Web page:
At the risk of getting lynched by Friends of the Earth, I’d like to say that I’m getting a little bored of all this talk of being green.
I’ve had enough of sorting my rubbish into 32 different bins and am sick to the back teeth of being told that my carbon footprint is a full size 14.
The way I see things, I’ll be long gone by the time the Earth is superheated to a billion degrees before exploding. So, when the latest Vauxhall Astra arrived at the office with its promise of being even greener, I groaned.
The figures in the press pack looked worthy enough – fuel economy up 16% to 36.7mpg and CO2 emissions down from 216g/km to 185 (a drop of six benefit-in-kind tax bands), but this didn’t really light my fire.
Reading a little further down, though, and things became a lot more interesting. The same engine that is more frugal and clean is also more powerful than before. Brilliant.
The engine in question is a new turbocharged 1.6-litre petrol unit which develops 178bhp – 10bhp more than the 2.0-litre it replaces. It’s the same engine which powers the Meriva and Corsa VXR models (although the latter is tweaked for more power).
It endows the Astra with a fizzy character that the old engine didn’t provide. The new unit feels lively – it loves to be revved and delivers strong performance throughout the rev range.
The close-ratio six-speed manual gearbox adds to the enjoyment, shifting slickly between gears and keeping the engine in the thick of the turbo’s boost.
It all adds up to a car which offers impressive performance for the real world.
While the Astra VXR may be more powerful and behaves in a more aggressive manner, the 1.6-litre turbo version is a more user-friendly hottish-hatchback.
It certainly looks the part, too.
Our test car was a three-door Sport Hatch in SRi trim – one below the VXR – and it has enough in the way of visual add-ons to differentiate it from lesser Astras.
The Sport Hatch is already one of the best-looking three-door lower-medium hatchbacks on the market but in SRi trim with extra spoilers and air dams, plus 17-inch alloy wheels, it really looks the part.
The interior is also impressive, with heavily-bolstered sports front seats, chunky three-spoke steering wheel and a quality feel to the materials used.
For a user-chooser who wants a sporty hatchback but whose allowance won’t stretch to the full-house VXR version, this new engine in SRi trim is a worthy alternative.
And because it’s greener than before, it also makes sense for both fleet managers and drivers.
Perhaps this green business isn’t so bad after all.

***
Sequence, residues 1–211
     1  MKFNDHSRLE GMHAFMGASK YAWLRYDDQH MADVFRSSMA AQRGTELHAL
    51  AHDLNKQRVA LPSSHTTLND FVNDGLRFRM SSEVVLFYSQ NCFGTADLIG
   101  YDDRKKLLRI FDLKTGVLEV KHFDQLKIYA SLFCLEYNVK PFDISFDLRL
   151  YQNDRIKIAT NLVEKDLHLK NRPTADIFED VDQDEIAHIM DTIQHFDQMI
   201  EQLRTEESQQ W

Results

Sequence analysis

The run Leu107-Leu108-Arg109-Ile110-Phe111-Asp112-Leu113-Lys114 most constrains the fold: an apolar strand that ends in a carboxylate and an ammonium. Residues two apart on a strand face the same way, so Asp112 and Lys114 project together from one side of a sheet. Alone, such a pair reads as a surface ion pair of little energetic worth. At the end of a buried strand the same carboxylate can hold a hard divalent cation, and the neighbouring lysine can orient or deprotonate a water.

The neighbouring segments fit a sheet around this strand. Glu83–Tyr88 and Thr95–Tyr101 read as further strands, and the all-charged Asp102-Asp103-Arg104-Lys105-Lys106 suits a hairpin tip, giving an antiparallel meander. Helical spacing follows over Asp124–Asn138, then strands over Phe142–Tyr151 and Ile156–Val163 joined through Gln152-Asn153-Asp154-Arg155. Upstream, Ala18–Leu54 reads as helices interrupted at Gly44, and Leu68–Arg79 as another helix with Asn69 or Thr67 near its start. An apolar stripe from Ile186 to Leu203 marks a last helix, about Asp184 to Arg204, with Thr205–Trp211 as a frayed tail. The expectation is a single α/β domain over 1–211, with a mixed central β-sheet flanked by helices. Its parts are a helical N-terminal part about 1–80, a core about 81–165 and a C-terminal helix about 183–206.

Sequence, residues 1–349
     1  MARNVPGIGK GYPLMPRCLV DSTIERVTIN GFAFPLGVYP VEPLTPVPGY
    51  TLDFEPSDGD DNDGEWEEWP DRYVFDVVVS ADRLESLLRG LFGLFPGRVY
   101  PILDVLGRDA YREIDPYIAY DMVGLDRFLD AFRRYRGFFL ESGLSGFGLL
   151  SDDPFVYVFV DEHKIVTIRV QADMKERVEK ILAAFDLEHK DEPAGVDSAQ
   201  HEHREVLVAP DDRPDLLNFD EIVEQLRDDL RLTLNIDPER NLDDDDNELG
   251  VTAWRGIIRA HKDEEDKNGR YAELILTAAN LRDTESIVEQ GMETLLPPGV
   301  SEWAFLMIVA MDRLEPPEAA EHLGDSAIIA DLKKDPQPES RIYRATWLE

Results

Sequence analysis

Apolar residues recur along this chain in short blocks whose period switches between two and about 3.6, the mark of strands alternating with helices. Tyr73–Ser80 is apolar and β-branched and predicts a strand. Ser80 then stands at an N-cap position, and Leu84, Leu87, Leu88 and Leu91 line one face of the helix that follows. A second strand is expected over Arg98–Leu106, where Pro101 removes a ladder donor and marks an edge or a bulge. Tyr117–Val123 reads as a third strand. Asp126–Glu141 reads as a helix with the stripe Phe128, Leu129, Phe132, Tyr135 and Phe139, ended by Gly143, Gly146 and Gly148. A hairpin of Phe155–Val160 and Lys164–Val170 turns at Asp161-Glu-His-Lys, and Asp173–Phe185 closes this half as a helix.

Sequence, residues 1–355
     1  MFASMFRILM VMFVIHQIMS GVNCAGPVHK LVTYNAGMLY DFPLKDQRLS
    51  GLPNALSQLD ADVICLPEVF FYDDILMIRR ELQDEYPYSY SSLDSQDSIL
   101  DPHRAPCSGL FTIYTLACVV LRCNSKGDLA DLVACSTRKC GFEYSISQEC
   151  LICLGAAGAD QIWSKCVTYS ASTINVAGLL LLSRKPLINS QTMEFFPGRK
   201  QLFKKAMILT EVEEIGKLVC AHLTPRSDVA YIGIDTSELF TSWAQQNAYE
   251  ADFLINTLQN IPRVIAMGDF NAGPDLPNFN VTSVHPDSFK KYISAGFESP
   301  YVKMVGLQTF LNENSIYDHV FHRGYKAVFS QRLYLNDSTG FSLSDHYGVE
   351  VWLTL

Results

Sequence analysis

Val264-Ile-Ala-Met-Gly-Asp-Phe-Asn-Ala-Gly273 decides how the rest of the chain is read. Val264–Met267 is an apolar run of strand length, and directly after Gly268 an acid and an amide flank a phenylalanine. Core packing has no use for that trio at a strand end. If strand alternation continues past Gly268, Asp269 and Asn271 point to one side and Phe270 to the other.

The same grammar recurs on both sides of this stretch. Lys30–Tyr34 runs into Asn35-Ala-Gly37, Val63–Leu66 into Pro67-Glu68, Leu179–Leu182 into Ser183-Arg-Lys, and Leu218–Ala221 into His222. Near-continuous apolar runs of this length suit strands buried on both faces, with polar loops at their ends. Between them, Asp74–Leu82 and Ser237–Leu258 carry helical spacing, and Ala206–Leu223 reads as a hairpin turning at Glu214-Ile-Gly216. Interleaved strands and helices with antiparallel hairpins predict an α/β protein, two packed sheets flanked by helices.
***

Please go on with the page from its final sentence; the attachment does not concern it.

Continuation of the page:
P11D value: £18,032
CO2 emissions (g/km): 185
BIK % of P11D in 2007: 24%
Graduated VED rate: £165
Insurance group: 16
Combined mpg: 36.7
CAP RV (3yr/60k): £6,125/34%
Monthly lease (3yr/60k): £388
THREE RIVALS TO CONSIDER
The Renault Megane looks good value, offering 165bhp and coming in high-spec GT trim. The SEAT Leon undercuts the 180bhp Vauxhall Astra and 170bhp Volkswagen Golf by some margin and is the most powerful car here with 200bhp. It also offers five doors.
EMISSIONS AND TAX RATES
With low emissions and easily the cheapest front-end price, the Megane wins here, costing a 22% taxpayer £67 a month in benefit-in-kind tax. The Golf runs it close on £70 a month, thanks to its efficient Twincharger engine. The Leon will cost £76 and the Astra £79.
Golf: 174g/km - 21%
Megane: 184g/km - 23%
Astra: 185g/km - 24%
Leon: 190g/km - 25%
The Golf has variable service intervals which give it an advantage, while the Astra’s 20,000-mile service intervals and competitive labour rates at Vauxhall garages see it just pipped into second. The SEAT needs servicing every 10,000 miles and the Renault every 12,000.
Golf: 3.95 (pence per mile) £2,370 (60,000 miles total)
Astra: 4.00 £2,400
Leon: 4.37 £2,622
Megane: 4.58 £2,748
The Golf uses a turbocharger and a supercharger to maximise economy, returning 38.7mpg for a fuel bill of £6,120 over 60,000 miles. The Astra and Megane are next on 36.7mpg while the most powerful car, the Leon, returns 35.8mpg.
Golf: 10.20 (pence per mile) £6,120 (60,000 miles total)
Astra: 10.76 £6,456
Megane: 10.76 £6,456
Leon: 11.03 £6,618
Despite having the lowest front-end price the Megane comes last thanks to a poor RV forecast – CAP estimates it will retain just 25% of cost new after three years/60,000 miles. The Golf wins by retaining 41% of its value. The Leon comes in at 35% and the Astra 34%.
Golf: 17.17 (pence per mile) £10,302 (60,000 mile total)
Leon: 17.36 £10,416
Astra: 19.26 £11,556
Megane: 19.42 £11,652
The Golf completes a clean sweep by winning every running costs category to open up a 1.4 pence-per-mile (ppm) advantage over the Leon in second. The Astra and Megane are much further back in the 34ppm bracket thanks to lower residual value forecasts.
Golf: 31.32 (pence per mile) £18,792 (60,000 mile total)
Leon: 32.76 £19,656
Astra: 34.02 £20,412
Megane: 34.76 £20,856
The Renault is the first to be ruled out – it simply costs too much to run when compared with its rivals, although it does offer the lowest benefit-in-kind bills. Ditto the Astra – it’s a great looking car and is fun to drive but the wholelife costs stack up against it. The Leon is a great value package with strong performance, but overall the Golf’s blend of performance and its on-paper financial advantage seal the victory.